Posted by Admin

On Oscar night I sat back with my husband and two cats, downed two ‘Belgian Whites’ and performed a heroic feat in social media. I tweeted 25 times in three hours, which is about the same number of tweets I posted in the last twelve months. I decided to super-saturate: Instead of direct tweets, I tapped in via HuffPost, where I had only commented once since signing up in 2008.

Why the tweeting frenzy? Educators call it “immersion”. My goal: to become comfortable with the medium, to see if I could be concise, to see if my comments echoed my peers. During (and shortly after) the Oscars, there were a total of 2,065 Oscar-related tweets on The Huffington Post’s Social News roundup. Mine were typical, not exceptional.

Before The Oscars, I was friendless on HuffPost. In three hours I’d made thirteen friends. If you are one of them, do not expect a luncheon invitation. Do not expect to be “poked”. Who chose the word ‘friend’ for someone who follows you on a social network, anyway? Most of the time, I don’t even like ME, why should I like YOU? Here are my top four Oscar tweets. I am only vaguely embarrassed by the other twenty one, which I suppose is an acceptable ratio of banter to blather.

“Why is Nicole Kidman holding hands with her chauffeur? He looks a bit sub-Urban.” “Saw Robert Downey at Aroma Espresso in NYC. Everyone left him alone, suspecting radioactivity. Geiger Counter in my panties confirmed it.” “I think Billy Crystal and Warren Beatty drank from the same hormone chalice.”

Maybe that last one was a bit obtuse for a 140 character tweet: We are consuming Xeno-estrogens in such disgusting amounts that aging males are distinctly feminized, like confused fish in polluted waters. Twenty years ago, I’d never put Warren and Billy in the same pond.

And the Survey Says…

Posted by Admin

I can still hear Richard Dawson’s voice. I think I was about eleven years old when Family Feud was on one of Great Falls’ two TV channels. Predicting what our peers will say is a malleable diversion, not a search for truth. I hear bias, overt and covert, in just about every medium. I read it in The Great Falls Tribune, where a pie chart in a daily sidebar follows (the same few) readers’ opinions on whatever the editors think might be juicy enough to elicit a few phone calls to their survey line. It’s hardly scientific, and in my opinion, barely worth more than a passing thought. “Sheesh, can you believe that only 74 readers took the time to answer today’s poll?”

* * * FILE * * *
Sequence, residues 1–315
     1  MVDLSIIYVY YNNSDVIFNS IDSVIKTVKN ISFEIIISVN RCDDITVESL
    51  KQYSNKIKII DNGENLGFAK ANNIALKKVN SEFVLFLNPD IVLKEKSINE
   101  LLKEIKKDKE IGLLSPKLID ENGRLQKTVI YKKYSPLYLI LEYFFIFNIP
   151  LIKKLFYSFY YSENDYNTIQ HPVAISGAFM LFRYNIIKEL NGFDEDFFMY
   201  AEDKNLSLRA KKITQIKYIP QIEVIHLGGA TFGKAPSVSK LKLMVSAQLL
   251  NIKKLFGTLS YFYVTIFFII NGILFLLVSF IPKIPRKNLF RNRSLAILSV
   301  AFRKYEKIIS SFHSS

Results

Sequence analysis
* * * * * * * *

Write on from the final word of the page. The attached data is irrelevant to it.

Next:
I’m trying to take a lesson from the Trib, though. They really don’t care about the results of the survey, they just want people to be vested in their paper to maintain readership. I’m planning to launch an entire new blog this spring. Surveys are a great way to get people to open up the next day’s news to look for the results of the previous day’s poll. I learned about the survey site ‘Zoomerang’ as part of a college Media Writing class. Katie Kotynski came into my class with her bag of Web 2.0 tools and shook them out expecting a high speed connection. My brain is still on phone modem, but I managed to grab a few tools as they bounced off my remaining grey matter…among them the Zoomerang Survey tool that I embedded into my blog last Tuesday evening.

I had to invent a survey question on the spot, as guest lecturer Kotynski was putting tool after tool on the computer in front of the class. I decided to imbed Zoomerang into my site before I forgot how. My survey question: Do you read the New York Times online or in print? Of course, I assumed that everyone who clicks on this blog reads the NYT. I understand this is an effete assumption, but I justified it because my most recent blog post was about my experience with America’s flagship newspaper. I put down my designer coffee and tapped the codes into my MAC as Kotynski lectured. I’m not a real snob, I just stayed at a Four Seasons Express last night.

Seriously, I’m sorry I asked. It was a bad question. It took all of twelve seconds to imbed the survey into wedgeblog. I’ve been checking back daily for almost a week, and to my surprise, I’ve actually gotten a few dozen responses to my poorly worded, elitist question. This confirms my theory about the Great Falls Tribune’s daily poll. Any kind of interaction is likely to drive readership.

The results of my poll? 27% of the respondents read the NYT online. 7% read it in print. Because I am NEW at this, and I DID NOT UNDERSTAND that the Zoomerang survey kept generating options, I had a third option that was totally blank. It was called “Option 3”. Another 27% chose Option 3. I love these people. They are my favorites. (So much for unbiased pollsters). Another 40% answered “Other” and left individual responses, like “I read the Sunday Times in print, but the other days of the week, online.” and “Should I read The New York Times”? Thank you for taking the time to give me quick feedback for my newfound newshound skills. In a month or two, I’m thinking of posting a survey asking how much my blog has improved. Here are my options: A lot? A whole lot? Or Option 3?